Individual lignin monomers can be separated using CCC.
The CCC process is more energy-efficient and economical than Simulated Moving Bed (SMB).
|Separation Challenges for Lignin Valorization||Separation processes, both old and new, depend on mixture physical properties. Accurate and practical physical property models are required to accurately model and compare separation processes. Data from bio-relevant compounds and mixtures are often scant, unreliable, or unavailable. In general, reliance on property estimation methods, which may not be relevant to bio-relevant compounds and mixtures, result in low confidence process analysis results. Developing adequate thermodynamic models requires an understanding of the process, the mixtures involved, and the sensitivity of the process to uncertainty in physical properties. Developing adequate thermodynamic models begins with determining whether sufficient data exists; and if insufficient data exists, evaluating the impact the lack of data on the analysis. If sufficient data exists, the next question is determining whether existing models can adequately represent the data. If not, the existing models must be modified or new models developed. The final step in the process is fitting the model to the available data.|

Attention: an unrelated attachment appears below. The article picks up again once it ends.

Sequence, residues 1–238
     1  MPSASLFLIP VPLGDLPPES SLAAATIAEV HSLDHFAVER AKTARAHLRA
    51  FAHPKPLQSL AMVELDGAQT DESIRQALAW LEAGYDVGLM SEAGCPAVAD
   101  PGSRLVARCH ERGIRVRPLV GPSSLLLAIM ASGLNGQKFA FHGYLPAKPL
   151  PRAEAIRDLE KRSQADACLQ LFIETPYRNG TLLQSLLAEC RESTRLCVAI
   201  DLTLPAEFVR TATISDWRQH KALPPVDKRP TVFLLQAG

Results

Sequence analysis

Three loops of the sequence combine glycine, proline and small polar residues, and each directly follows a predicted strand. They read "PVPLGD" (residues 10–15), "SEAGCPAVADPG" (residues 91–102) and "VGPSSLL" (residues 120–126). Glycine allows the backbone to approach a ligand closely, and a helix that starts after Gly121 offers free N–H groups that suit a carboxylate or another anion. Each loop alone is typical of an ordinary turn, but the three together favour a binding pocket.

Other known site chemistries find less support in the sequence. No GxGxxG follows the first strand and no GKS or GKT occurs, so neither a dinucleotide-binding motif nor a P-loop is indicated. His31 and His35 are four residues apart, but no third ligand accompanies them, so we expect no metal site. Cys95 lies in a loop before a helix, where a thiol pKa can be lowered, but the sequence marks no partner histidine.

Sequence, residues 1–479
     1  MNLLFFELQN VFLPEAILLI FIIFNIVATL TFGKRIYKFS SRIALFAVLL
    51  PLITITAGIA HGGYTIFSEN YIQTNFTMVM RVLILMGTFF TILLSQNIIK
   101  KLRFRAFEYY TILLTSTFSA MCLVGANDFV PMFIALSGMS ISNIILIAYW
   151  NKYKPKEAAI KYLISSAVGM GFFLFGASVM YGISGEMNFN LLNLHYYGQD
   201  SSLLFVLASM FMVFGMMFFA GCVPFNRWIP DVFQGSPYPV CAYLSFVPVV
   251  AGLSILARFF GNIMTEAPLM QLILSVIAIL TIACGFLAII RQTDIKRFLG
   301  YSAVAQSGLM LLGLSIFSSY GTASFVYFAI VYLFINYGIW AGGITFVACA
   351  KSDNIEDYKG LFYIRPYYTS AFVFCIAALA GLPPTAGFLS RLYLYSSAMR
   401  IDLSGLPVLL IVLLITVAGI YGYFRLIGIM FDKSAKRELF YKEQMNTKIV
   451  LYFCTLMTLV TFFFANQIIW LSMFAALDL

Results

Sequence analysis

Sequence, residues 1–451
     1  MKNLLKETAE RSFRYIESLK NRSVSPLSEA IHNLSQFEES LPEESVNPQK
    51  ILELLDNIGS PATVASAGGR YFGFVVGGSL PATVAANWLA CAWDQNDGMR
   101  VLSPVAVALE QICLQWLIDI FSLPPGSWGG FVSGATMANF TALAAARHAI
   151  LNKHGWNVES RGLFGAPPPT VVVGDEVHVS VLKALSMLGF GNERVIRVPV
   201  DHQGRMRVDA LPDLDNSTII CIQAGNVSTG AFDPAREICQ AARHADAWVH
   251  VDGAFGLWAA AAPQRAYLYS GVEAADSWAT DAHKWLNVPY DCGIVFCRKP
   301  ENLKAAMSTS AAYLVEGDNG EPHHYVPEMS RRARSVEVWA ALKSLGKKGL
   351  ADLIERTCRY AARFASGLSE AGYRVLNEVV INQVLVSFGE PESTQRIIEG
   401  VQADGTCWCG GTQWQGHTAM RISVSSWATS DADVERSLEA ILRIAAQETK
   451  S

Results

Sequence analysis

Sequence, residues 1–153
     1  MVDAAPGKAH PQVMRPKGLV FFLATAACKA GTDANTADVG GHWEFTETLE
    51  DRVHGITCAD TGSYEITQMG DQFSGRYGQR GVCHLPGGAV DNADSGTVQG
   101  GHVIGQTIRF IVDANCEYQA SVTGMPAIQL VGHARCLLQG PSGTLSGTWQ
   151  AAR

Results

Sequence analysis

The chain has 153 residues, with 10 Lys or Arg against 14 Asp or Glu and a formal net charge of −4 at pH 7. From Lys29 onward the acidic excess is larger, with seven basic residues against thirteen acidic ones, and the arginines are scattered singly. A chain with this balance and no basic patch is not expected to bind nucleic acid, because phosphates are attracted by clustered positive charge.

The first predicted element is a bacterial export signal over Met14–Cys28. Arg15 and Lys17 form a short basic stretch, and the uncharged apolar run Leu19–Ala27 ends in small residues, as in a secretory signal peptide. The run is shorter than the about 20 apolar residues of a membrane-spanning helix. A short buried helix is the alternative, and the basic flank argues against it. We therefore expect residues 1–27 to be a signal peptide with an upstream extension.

|CCC is Chromatography That Uses a Liquid Stationary Phase||CCC is a dynamic liquid-liquid chromatography process where the upper or lower phases of a biphasic solvent system can be used as the stationary phase of CCC. With the unique planetary motion of CCC, hundreds to thousands of mixing and settling events can occur in a small column. As a result, lignin-derived compounds can be separated based on their different polarities and solubilities in biphasic solvent systems. CCC can handle high feed loadings and solids in the feed, enables full product recovery with various elution modes, uses inexpensive solvents for the stationary phase, and avoids resin fouling issues|
|Lignin-Derived Monomers From the Lignin Oil Using CCC||With CCC, lignin-derived compounds were separated from lignin oil produced from reductive catalytic fractionation (RCF). Phenolic monomers were separated from oligomers using biphasic solvent systems in CCC, with yields and purities of individual aromatic monomers, both up to 99%. Tuning the polarity of the solvent can also separate dimers from higher molecular weight compounds.|
|Mathematical Model for CCC Optimization||The Cell Utilized Partition (CUP) model was developed by NREL and PNNL from basic separation (LLE) measurements. The CUP model can predict the chromatograms for various elution modes of CCC or for a general liquid-liquid chromatography process. Accordingly, the model can be used to narrow down the most viable feedstocks to target with the technology and to optimize the process for high purity, yield, and productivity. The details of the model can be found in Choi et al. (2022). The CUP model source codes are publicly available on GitHub.|
Figure 1. Overview of the downstream process using CCC. Lignin-derived chemicals are separated from lignin oil using CCC. The purified phenolic monomers can be used for high-value products.